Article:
Tariffs applied by the Trump Administration to Chinese raw materials and finished goods entering the U.S. as a means to bring China into line with free and fair trade has caused a great deal of anger, anxiety, uncertainty, or a whole host of other descriptive words. How any American views those tariffs largely depends on their situation. For farmers and ranchers, it is more direct as the role of global markets to U.S. agriculture has increased. Those markets lend significant support to U.S. agricultural commodity and product prices.
However, I think we still must look at the bigger picture and our relationship with China as we discuss this complex topic of tariffs. Once again, my formal education as an economist would tell me that tariffs do not benefit anyone and therefore, strictly speaking, they should not be used – ever. As the news stories have indicated many, many times over the past year, this is nothing more than a tax on U.S. consumers purchasing goods that were made outside the U.S.
My first reaction to that statement is – does the average consumer reading that assessment know how many U.S. produced goods traded in global markets are assessed tariffs every day? Further, those tariffs did not just occur. Countries around the world, including the U.S., have participated in a trading system with tariffs for the last 75 years. There is a great deal of disparity between countries with regard to the tariff rate applied. For example, China applies a 25% tariff rate on U.S. cars going into China while the U.S. applies a 2.5% tariff rate on Chinese cars and parts. This is only one example, but I do think this has something to do with our $500 billion trade deficit with China.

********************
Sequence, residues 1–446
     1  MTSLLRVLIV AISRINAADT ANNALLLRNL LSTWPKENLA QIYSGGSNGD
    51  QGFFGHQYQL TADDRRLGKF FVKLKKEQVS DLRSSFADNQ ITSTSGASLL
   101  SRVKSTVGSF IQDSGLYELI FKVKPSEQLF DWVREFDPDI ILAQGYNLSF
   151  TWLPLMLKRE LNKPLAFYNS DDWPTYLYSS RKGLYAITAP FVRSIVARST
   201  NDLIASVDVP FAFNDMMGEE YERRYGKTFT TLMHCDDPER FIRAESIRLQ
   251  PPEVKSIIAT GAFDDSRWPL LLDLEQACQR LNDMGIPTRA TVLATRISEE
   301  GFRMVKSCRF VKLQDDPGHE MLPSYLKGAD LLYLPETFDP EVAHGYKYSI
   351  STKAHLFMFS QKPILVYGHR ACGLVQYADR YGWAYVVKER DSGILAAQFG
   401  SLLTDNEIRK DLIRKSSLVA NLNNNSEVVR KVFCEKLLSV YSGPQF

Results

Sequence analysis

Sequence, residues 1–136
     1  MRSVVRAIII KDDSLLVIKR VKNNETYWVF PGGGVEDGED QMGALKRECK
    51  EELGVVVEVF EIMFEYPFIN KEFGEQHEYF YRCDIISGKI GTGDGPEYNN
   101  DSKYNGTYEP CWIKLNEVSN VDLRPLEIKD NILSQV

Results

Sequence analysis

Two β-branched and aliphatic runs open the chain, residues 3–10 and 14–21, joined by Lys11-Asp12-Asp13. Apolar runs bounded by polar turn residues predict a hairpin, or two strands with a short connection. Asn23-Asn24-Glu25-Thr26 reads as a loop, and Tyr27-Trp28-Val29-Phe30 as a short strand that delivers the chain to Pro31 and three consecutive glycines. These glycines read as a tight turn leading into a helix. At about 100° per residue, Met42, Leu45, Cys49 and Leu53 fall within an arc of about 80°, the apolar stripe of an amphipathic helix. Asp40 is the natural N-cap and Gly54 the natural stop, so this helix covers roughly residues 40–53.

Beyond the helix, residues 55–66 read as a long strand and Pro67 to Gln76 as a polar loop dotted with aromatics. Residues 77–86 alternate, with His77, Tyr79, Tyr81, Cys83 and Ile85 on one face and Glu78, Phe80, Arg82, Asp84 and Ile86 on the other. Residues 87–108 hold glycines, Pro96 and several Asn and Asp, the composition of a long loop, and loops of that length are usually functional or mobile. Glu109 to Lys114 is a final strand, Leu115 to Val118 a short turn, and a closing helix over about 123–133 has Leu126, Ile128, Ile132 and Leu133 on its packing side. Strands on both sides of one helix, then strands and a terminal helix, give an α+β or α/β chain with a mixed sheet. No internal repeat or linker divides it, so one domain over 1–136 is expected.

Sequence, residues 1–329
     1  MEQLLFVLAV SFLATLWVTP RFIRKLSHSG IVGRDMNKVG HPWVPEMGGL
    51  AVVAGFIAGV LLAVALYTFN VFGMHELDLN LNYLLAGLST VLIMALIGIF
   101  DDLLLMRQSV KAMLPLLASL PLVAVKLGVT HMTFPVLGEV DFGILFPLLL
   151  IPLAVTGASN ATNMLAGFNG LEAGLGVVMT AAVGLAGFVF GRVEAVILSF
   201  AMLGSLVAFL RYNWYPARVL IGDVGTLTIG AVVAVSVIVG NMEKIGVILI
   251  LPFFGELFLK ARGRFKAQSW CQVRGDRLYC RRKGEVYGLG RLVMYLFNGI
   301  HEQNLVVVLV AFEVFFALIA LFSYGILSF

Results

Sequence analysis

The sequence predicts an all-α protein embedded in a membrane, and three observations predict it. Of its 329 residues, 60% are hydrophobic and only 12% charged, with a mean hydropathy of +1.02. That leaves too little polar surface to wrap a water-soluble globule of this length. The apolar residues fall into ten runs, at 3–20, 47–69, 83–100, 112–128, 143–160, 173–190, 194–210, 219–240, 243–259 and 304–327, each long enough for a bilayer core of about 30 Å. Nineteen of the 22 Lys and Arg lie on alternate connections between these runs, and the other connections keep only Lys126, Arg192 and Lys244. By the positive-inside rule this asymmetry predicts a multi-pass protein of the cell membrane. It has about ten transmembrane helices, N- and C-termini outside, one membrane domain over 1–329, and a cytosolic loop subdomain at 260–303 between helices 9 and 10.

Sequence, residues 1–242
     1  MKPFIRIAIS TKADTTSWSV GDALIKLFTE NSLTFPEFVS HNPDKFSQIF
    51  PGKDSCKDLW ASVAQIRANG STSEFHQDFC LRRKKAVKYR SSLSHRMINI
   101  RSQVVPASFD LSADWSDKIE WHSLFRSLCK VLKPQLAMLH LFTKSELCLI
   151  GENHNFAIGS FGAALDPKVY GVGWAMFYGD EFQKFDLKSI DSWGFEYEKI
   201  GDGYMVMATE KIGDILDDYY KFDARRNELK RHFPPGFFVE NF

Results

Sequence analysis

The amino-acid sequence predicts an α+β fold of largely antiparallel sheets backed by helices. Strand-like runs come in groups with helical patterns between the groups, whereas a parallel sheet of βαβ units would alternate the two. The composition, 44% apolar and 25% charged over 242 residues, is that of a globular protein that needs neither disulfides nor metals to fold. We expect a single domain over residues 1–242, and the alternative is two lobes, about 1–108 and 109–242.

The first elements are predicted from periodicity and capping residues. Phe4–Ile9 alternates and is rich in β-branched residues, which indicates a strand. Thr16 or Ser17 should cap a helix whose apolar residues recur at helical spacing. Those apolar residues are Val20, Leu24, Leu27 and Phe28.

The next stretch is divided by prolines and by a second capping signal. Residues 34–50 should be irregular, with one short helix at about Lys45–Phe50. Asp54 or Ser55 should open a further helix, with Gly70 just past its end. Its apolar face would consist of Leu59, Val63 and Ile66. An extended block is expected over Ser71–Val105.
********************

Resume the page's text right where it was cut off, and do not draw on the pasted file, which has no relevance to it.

Trade is a complex topic that involves different governments, cultures, and economies. I understand the difficulty of negotiating toward an agreement that can even come close to satisfying both parties. They do not happen overnight and they do not necessarily lead to the perfect agreement. But, they can only approach that goal through trust and adherence to a widely accepted set of rules. China has ignored both - more often than not.
In May, I read an article about U.S. tariffs being applied to washing machines as a result of the trade war with China. The price of washing machines increased 12% with the conclusion that the price increase must have been due to tariffs and consequently, created undue hardship on consumers. So, here is the other part of the story. Tariffs were not applied to dryers. However, the price of dryers also went up 12%! Hmmm . . . . . . . go figure! I will leave the conclusion to you.